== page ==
The commuter’s , plight

- Abijeet Pant

Nov 29, 2017-

Commuting on public vehicles in Kathmandu is no less than a brutal triathlon. First comes the race to go get a bus. Next comes the challenge to sustain in severe congestion. Last, but not least, is the struggle of getting past the crammed gangway and down to your desired stop. It is indeed strange if we manage to skip one of these events as we travel. 

We don’t often see the co-existence between need and compromise in the matter of transportation—one of our indispensable prerequisites. But we have no other option than to rely on ‘Syndicated’ transport companies that do more harm than good.

In Kathmandu, commuters seldom get to board public vehicles that have vacant seats or that can guarantee the efficiency of time and service. Most public vehicles do not have fixed stops: They pick up and drop passengers from random locations.

Passengers find themselves crammed within minimal space in gangways as vehicles ferry people well beyond their carrying capacities. Every passenger is accustomed with the humiliation that accompanies the disrespectful attitude from the vehicle crew. 

Travelling in a congested environment as such has several health risks. For starters we are susceptible to contracting contagious diseases. And then of course our psychological and emotional health is affected because of the stress and anxiety we go through on a regular basis.

Commuting in Kathmandu is also something that affects our time management hugely. Punctuality, or the lack of it, is a socio-scientific aspect to be analysed. We end up spending ample time while commuting because of the traffic congestion and lack of a system—this time could have been spent on something much more productive.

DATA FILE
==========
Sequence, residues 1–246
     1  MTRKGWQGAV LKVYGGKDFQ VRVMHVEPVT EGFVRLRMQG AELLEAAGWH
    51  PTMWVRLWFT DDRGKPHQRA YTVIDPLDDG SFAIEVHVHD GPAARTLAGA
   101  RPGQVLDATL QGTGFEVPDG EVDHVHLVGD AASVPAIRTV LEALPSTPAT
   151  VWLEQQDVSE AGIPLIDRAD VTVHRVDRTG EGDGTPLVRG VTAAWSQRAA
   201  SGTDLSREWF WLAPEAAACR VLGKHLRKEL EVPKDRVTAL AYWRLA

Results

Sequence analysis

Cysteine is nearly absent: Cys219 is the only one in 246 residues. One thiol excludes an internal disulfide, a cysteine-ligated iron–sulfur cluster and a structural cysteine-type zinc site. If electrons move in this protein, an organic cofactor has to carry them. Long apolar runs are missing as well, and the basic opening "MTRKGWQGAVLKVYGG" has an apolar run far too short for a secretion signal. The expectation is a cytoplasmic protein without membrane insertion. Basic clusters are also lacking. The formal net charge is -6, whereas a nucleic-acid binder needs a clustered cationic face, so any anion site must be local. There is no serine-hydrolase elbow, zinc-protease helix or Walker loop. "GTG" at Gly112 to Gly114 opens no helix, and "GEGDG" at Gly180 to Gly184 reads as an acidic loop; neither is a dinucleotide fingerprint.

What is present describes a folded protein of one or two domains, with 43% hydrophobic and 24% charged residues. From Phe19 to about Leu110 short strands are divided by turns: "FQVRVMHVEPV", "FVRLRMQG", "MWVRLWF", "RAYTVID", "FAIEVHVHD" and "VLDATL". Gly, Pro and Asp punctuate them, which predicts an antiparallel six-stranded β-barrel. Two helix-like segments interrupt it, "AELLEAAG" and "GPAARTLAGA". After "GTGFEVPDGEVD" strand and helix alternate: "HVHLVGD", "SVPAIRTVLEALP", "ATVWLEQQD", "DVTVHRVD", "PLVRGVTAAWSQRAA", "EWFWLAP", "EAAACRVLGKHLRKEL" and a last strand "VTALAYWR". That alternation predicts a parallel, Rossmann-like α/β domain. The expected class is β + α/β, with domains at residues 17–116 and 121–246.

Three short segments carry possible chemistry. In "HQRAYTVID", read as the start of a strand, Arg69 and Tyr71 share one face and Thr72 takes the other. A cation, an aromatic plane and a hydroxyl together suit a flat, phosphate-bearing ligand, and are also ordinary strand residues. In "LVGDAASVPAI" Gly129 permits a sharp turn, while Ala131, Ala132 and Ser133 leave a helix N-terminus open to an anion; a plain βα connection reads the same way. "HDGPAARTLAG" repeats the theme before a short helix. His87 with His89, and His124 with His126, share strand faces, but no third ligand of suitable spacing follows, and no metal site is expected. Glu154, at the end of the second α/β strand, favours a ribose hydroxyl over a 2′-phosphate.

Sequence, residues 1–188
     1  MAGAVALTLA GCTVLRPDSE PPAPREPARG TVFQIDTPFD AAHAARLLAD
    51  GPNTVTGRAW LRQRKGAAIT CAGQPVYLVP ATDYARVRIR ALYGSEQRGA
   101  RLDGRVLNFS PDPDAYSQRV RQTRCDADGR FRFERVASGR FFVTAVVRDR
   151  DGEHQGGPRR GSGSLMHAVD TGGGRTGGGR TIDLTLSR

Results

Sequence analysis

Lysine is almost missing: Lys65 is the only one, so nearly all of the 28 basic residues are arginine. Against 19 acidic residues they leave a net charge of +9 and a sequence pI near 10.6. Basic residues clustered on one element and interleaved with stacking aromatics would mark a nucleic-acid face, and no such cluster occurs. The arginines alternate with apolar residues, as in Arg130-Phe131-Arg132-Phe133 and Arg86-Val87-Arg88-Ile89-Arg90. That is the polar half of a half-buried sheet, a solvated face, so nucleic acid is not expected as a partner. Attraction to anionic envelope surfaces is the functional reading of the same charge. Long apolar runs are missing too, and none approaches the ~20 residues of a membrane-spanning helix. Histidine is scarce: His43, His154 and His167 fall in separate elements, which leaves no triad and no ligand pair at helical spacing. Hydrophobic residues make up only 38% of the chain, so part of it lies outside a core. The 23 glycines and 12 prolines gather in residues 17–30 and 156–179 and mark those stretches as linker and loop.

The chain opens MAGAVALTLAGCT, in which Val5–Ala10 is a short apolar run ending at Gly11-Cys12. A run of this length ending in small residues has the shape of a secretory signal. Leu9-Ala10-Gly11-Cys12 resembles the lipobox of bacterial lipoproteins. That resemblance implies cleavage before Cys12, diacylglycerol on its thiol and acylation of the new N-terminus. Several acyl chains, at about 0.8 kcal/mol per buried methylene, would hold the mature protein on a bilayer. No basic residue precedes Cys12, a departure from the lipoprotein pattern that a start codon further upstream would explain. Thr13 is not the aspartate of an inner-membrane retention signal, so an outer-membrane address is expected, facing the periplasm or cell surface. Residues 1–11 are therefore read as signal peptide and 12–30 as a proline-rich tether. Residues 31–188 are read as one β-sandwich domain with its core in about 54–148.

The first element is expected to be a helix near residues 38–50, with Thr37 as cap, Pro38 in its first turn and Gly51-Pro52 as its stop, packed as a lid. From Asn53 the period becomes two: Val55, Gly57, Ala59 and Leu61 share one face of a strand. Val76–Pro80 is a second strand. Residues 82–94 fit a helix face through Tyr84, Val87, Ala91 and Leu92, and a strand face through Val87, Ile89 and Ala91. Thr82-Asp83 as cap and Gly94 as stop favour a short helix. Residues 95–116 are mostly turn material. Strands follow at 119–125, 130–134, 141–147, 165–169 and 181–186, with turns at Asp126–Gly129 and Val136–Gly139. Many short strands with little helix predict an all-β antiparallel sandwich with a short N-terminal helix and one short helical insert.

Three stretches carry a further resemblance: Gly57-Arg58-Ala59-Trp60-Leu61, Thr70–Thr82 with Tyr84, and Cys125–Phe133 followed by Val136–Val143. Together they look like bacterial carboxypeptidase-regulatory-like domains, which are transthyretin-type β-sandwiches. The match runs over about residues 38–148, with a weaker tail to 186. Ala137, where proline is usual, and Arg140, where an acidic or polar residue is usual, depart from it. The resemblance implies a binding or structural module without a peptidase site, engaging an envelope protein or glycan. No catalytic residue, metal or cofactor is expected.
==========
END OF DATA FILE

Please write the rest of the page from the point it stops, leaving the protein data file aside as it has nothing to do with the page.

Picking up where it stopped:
The number of new public vehicles being registered in Bagmati zone is spiking up every year. And considering the amount of traffic congestion we witness every day, I don’t think if there should be any more vehicle than there already is.

It is due to the Syndicate Monopoly that we are compelled to board in deplorable, congested vehicles. As the transport enterprise operating in a route forbids other to operate in the same, there is no healthy competition between them to reach out to passengers with best service quality. 

Commuting in public vehicles can only be comfortable if the Syndicate comes to an end. We want the contemporary vehicles to be replaced by more scientific models. They must have spacious gangways, numerous doors, and overhead bins to accommodate our bags. Above all, social etiquettes from crew and emphasis on punctuality are a must. It is high time that government creates benchmarks for systematic public vehicles to end this problem.

Recently, the traffic police and 50 transportation entrepreneurs have reached an agreement in introducing uniforms among the manpower (bus crew) involved in transportation. It is a positive step as the uniform will help them realise their responsibilities and dignity.

I surfed the internet to find how most populated cities of the world are managing their transportation. And I came to know that people standing on the buses or vehicles is prevalent even in the greatest and developed cities of world. And keeping this in mind, we should look forward to considering factors like punctuality and space in order to ensure that our journey is restful.  

It is an established fact that nearly 35 million people commute in Tokyo’s metro and it is ensured that everybody is on time. 

In comparison to them, our population is much lesser. Our city is much smaller. If stakeholders and government take this matter with sincerity, we can see significant changes in nick of time.

So, if Tokyo can, why can’t we?

Pant is a recent A Levels graduate from Budhanilkantha School

Published: 29-11-2017 10:59

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